I don’t understand those moms who let their babies cry at any age! Today someone on a message board was talking about how her baby was teething and fussy all day so she was calling the babysitter and going out to dinner. I won’t even leave my 6 month old with his father (whom I completely trust to take perfect care of him) if he is having a tough day! I think that women who have mom ears from the beginning never lose them.

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Madeleine'smom March 18, 2011 at 5:34 pm

My baby is 8 months old and I believe my mommy ears are stronger with every day. As time goes by I not only hear every sound she makes, but my ability to understand their meaning grows. I can now tell from the other end of the house if her wimper means – I’m hungry, my teeth hurt, I have rolled over and can’t find my way back, I just need to be heard or I’m lonely come get me.

I consider myself an attachment parent through and through, but I also believe we should not judge. How one parents is a very personal choice and evolves each day. I will freely admit to reluctantly “letting” my daughter cry from her stroller as I spring toward home knowing that it will be much faster to run with her in the stroller than to pick her up and carry her back. With my husband deployed for nearly a year, I have also let her cry for 10 minutes while I finish showering, peeing, teeth brushing.

For ME, the key is taking it as it comes and using my best judgement in each situation. There are some days where I know letting her cry for a few more minutes before picking her up so I can take care of my own needs for 5 minutes will allow me to hold her all night, breastfeed and wear her all day and just be a better mom.

In the end, we parent our own way. let us not judge another parent’s choices and focus more on our own.

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Sada March 18, 2011 at 10:51 pm

My youngest will turn 4 in May…and I still have Mommy Ears! I can say, though, that like any “new sense” that you learn to process and put importance on what’s going on around you–almost like Mommy Ears are a hearing aid :) I “hear” my kiddos all day, but certain sounds/speech/cries catch your attention as “needing my involvement” and the rest is like background noise. And yes, when that background noise suddenly disappears, you notice that too and go looking to see what trouble they’ve gotten into!

And while my “general love tank” may run a little low at times (stress, illness, generally not taking the time I need to “be me”), the “kiddos love tank” is constantly being refilled, for example by the amazement and joy of seeing the world anew through their eyes as I help them discover and learn and grow…and my love feeds their love, so you could say the (attached) parent-child relationship is a constant “love tank” filling cycle :)

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jessica May 6, 2011 at 8:40 pm

I agree with the first and last posters – the mom ears change, but as kids get older the level of urgency can vary. My five range from 3-17 and very rarely do I go running anymore, but I can certainly hear when I need too.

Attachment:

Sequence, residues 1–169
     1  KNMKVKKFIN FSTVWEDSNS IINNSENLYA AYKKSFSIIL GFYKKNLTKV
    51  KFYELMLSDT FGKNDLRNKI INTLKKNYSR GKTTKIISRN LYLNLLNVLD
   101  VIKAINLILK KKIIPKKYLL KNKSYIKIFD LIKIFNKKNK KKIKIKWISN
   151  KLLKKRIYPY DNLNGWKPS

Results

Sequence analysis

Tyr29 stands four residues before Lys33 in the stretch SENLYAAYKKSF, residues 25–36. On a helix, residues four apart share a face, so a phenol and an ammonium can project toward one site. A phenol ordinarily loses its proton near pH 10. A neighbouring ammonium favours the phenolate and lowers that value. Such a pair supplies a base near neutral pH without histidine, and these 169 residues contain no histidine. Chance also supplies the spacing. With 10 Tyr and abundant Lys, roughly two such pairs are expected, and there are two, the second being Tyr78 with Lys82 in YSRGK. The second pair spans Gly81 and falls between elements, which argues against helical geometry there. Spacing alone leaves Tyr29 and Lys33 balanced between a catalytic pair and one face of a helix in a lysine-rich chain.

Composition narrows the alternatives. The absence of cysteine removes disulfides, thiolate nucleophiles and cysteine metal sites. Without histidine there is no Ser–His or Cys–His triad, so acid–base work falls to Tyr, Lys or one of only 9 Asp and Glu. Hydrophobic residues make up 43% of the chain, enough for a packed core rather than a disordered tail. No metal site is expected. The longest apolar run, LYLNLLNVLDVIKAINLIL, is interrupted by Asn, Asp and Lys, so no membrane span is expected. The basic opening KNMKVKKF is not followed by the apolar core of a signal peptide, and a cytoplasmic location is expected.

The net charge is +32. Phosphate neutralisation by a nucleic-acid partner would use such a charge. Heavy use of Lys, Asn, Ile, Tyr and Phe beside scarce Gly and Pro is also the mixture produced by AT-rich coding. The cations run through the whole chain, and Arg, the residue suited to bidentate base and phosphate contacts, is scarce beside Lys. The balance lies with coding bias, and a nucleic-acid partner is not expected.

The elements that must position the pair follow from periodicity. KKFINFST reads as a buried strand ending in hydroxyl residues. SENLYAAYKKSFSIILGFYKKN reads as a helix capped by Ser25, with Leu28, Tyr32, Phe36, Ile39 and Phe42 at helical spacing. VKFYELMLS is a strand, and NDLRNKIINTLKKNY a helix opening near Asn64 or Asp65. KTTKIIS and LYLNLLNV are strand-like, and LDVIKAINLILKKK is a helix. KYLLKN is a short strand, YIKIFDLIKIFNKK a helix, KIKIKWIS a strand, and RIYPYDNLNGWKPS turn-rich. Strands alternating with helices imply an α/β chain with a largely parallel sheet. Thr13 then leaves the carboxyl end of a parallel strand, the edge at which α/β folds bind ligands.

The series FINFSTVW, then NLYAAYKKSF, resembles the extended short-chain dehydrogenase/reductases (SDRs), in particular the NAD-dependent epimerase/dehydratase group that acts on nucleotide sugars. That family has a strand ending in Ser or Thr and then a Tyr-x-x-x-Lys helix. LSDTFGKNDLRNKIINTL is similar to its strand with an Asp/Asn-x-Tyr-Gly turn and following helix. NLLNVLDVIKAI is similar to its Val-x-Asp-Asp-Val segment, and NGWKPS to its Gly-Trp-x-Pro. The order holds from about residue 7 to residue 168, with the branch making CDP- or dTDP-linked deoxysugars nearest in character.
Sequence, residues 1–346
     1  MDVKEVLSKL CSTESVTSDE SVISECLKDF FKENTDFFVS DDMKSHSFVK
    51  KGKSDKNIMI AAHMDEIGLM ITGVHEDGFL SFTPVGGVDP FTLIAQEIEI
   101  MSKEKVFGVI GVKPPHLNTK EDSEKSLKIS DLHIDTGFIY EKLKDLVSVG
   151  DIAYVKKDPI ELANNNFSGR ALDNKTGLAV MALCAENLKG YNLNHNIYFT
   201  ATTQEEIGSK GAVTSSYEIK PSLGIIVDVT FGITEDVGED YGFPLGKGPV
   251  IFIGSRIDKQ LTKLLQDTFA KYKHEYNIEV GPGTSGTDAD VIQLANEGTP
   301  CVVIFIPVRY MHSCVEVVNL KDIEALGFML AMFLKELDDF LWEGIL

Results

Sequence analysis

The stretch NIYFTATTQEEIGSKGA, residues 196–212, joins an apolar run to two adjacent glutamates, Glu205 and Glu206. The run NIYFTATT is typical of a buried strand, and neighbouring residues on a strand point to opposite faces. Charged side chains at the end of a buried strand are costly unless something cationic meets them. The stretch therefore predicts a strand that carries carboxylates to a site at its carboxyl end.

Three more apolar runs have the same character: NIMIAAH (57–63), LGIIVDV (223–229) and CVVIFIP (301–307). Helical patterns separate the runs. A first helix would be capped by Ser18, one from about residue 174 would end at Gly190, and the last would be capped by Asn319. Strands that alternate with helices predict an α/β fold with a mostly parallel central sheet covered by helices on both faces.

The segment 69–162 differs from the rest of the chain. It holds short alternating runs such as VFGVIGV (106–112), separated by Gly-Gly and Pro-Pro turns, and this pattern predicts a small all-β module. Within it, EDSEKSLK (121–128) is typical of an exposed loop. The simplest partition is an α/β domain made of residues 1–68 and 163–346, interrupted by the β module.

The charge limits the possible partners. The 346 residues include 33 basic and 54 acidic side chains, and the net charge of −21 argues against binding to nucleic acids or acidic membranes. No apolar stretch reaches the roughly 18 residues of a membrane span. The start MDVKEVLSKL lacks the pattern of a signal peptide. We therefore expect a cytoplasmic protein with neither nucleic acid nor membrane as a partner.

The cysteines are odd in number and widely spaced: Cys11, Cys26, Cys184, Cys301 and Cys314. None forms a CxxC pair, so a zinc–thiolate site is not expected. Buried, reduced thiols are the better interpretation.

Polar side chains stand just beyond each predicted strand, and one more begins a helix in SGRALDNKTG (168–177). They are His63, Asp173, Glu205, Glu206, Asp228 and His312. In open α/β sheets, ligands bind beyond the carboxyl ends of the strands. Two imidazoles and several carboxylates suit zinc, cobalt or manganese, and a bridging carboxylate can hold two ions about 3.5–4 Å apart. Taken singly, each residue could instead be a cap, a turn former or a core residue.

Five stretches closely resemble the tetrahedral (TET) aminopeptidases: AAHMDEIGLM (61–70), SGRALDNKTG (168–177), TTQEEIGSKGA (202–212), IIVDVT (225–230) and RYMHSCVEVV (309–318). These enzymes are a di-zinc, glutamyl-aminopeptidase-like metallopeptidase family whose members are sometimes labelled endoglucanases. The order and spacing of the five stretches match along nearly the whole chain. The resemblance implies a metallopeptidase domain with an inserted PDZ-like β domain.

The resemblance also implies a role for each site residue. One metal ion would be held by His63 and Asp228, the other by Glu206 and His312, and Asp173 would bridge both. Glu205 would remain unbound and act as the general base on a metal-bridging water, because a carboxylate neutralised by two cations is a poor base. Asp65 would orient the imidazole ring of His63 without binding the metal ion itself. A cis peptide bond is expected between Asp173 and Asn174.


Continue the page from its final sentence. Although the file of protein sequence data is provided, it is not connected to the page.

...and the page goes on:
Also – responding to an infant’s cries when you are in a less than ideal situation can sometimes be difficult. I wear my infants, so wouldn’t be stuck out with a stroller and crying baby, but if I hadn’t learned about baby wearing yet I could certainly see a situation where you knew that all the baby wanted was to be heald, but you couldn’t figure out how to accomplish that and get home and so you were just doing the best you could.

I’ve been in that situation in the car more than a couple of times. I’ve pulled over a dozen times to nurse the baby, but really they just want OUT OF THE CAR SEAT! The other kids are tired and cranky and don’t want to be sitting on the side of the road for hours. Or one or the other of has needs to get someplace and we’ve run out of lead-time. So sometimes you just have to hunker down with a screaming baby and get where you are going as fast as you can safely. Often times I feel like I want to vomit and am stressed to the maxed – but my strategies of talking on the phone or turning the radio up could likely look uncaring to someone who doesn’t understand the context.

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Grace May 13, 2011 at 4:33 pm

My experience over the last three years as a mother is that first time parents of very small children can sometimes be a little too swift to judge the parenting styles of the people they see around them. I think it’s only natural, particularly when you’re new to parenting yourself, to do a little comparing and contrasting as you feel out who you will be as a parent, but it is important to be aware of this tendency because you can inadvertently make a tough situation that much tougher with a well-timed disapproving sniff or judgmental frown. A parent who is struggling to keep it together needs support, not condemnation. I know this was true for me, anyway. I was the perfect, loving, nurturing, grounded parent until my kid developed the ability to run faster than a speeding bullet. ;)